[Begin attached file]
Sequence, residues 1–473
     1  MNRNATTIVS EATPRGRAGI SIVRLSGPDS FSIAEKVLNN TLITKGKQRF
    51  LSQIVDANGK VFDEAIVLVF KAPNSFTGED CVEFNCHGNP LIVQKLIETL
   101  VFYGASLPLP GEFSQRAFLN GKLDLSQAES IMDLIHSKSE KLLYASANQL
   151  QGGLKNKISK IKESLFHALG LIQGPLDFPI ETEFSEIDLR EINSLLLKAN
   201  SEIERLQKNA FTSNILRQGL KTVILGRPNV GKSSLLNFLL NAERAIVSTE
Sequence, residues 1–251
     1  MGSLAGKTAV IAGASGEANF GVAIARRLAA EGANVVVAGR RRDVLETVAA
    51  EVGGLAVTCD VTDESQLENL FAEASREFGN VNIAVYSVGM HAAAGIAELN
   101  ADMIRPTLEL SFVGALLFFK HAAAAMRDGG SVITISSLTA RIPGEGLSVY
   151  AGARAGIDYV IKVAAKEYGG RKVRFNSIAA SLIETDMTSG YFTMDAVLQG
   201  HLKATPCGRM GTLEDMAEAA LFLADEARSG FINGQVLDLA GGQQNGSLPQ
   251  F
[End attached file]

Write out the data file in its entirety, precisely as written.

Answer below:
Sequence, residues 1–473
     1  MNRNATTIVS EATPRGRAGI SIVRLSGPDS FSIAEKVLNN TLITKGKQRF
    51  LSQIVDANGK VFDEAIVLVF KAPNSFTGED CVEFNCHGNP LIVQKLIETL
   101  VFYGASLPLP GEFSQRAFLN GKLDLSQAES IMDLIHSKSE KLLYASANQL
   151  QGGLKNKISK IKESLFHALG LIQGPLDFPI ETEFSEIDLR EINSLLLKAN
   201  SEIERLQKNA FTSNILRQGL KTVILGRPNV GKSSLLNFLL NAERAIVSTE
Sequence, residues 1–251
     1  MGSLAGKTAV IAGASGEANF GVAIARRLAA EGANVVVAGR RRDVLETVAA
    51  EVGGLAVTCD VTDESQLENL FAEASREFGN VNIAVYSVGM HAAAGIAELN
   101  ADMIRPTLEL SFVGALLFFK HAAAAMRDGG SVITISSLTA RIPGEGLSVY
   151  AGARAGIDYV IKVAAKEYGG RKVRFNSIAA SLIETDMTSG YFTMDAVLQG
   201  HLKATPCGRM GTLEDMAEAA LFLADEARSG FINGQVLDLA GGQQNGSLPQ
   251  F